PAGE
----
A further object of this invention is to provide a means for forming a highly effective connection without requiring that the stranded wire conductor be held in contact with the wire wrap post by means of a hand-held fixturing tool while the solder is solidifying.

Other objects and advantages of the present invention will be apparent from the following detailed description of the invention.

BRIEF DESCRIPTION OF THE DRAWING

FIG. 1 shows a wire wrap post, a stranded wire conductor and a cut-away portion of a connector sleeve of the present invention prior to assembly.

FIG. 2 exhibits the stranded wire wrap post termination upon recovery of the outer heat recoverable sleeve and flowing of the solder.

FIG. 3 shows the heat recoverable sleeve closed at one end.

DETAILED DESCRIPTION OF THE INVENTION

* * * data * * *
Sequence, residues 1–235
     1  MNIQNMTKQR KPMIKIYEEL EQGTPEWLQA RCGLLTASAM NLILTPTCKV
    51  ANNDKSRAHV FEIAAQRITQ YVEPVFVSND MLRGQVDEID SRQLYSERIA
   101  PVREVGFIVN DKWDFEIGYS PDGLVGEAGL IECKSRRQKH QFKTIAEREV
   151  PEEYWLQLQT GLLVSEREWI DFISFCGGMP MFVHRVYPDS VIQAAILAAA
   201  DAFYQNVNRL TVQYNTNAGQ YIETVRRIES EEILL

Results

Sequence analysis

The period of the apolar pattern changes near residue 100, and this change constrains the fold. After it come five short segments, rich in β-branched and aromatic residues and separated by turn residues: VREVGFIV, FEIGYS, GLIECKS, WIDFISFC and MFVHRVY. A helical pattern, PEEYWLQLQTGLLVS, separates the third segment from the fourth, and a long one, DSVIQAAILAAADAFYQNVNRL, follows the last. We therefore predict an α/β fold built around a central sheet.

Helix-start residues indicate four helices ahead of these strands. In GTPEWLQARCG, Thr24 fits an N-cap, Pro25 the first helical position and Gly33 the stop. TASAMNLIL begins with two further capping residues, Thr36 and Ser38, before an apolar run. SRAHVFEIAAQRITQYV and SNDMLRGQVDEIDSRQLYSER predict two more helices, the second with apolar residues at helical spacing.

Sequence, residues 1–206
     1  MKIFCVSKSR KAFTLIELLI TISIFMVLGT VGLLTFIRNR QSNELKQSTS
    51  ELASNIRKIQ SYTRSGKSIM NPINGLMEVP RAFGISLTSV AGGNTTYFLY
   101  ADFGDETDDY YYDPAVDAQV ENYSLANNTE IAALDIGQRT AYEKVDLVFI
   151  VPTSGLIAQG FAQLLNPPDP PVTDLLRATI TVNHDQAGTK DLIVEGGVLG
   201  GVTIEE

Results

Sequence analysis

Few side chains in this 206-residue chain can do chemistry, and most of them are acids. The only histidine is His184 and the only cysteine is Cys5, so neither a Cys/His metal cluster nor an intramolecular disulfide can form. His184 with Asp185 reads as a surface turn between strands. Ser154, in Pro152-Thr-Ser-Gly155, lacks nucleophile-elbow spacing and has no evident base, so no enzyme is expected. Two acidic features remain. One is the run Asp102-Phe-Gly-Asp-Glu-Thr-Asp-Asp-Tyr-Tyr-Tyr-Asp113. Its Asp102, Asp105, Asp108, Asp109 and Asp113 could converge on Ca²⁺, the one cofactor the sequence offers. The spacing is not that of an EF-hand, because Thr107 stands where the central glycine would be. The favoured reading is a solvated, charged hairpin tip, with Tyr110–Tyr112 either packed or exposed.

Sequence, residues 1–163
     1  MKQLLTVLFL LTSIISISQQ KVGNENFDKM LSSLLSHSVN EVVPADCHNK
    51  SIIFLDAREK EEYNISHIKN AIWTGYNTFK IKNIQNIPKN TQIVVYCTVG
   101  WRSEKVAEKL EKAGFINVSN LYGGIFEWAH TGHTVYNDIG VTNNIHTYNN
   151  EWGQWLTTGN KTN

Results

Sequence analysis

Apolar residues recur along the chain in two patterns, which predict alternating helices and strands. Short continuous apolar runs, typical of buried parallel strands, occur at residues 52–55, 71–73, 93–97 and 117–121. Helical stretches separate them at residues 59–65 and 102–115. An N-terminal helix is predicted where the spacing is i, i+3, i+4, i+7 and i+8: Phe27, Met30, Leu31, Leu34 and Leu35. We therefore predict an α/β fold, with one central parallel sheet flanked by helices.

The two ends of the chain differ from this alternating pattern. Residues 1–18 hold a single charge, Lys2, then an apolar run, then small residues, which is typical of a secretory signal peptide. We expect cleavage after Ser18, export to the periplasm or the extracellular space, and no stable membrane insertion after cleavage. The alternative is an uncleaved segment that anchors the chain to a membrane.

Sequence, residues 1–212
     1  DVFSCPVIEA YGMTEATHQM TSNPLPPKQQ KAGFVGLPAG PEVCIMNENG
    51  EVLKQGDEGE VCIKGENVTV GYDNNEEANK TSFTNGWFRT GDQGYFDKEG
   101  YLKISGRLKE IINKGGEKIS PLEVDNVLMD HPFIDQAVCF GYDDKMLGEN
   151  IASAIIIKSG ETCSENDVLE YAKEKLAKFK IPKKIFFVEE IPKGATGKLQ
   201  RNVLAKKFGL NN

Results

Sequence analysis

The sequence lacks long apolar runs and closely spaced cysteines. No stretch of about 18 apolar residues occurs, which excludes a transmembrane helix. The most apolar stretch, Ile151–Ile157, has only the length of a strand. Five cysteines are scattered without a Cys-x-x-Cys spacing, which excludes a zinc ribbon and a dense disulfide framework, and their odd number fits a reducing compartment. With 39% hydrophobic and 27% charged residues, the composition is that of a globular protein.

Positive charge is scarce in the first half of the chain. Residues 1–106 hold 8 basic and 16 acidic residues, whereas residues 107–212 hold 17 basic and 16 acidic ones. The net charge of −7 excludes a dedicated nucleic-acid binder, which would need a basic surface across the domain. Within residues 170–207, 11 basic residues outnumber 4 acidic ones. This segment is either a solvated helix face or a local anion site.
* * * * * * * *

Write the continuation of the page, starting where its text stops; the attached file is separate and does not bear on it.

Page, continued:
Described herein is an improved connector sleeve and a method of making a connection using this sleeve which eliminates the use of a hand-held fixturing tool while awaiting solidification of the solder. FIG. 1 illustrates a circuit board 1 having three wire wrap posts 2, 3 and 4. Positioned above the circuit board is a length of stranded wire conductor 5 with a portion of its insulation 6 removed at 7. Directly above the stranded wire and shown in cut-away perspective is a heat recoverable connector sleeve 8 according to the present invention. The sleeve may also be either closed at one end thus forming a cap or open on both ends. This sleeve comprises three elements. A heat recoverable sleeve 9 surrounds an insert of solder or other fusible agent shown as a ring 10 and a fixturing member 11. The fixturing member can comprise an annulus of a material that will not melt at a temperature at or below either the melting point of the solder or the recovery temperature of the heat recoverable sleeve. Preferably the fixturing member comprises a metallic annulus although suitable plastic materials can also be used. More preferably, the fixturing member comprises a brass or copper annulus. Still more preferably, such a brass or copper fixturing member is coated, for example, with a thin layer of solder, tin, silver or the like. The fixture member forces the stranded wire into close contact with the wire wrap post. Normally the wire is initially inserted into the sleeve followed by forcing the sleeve and connector assembly onto the post. This causes the fixturing member to deform slightly thereby wedging the wire strands between the fixturing member and the post. This permits a considerable number of the strands to be in contact with the wire wrap post and provides for a good electrical connection after soldering. Naturally, these same principles may be employed for many other substrates.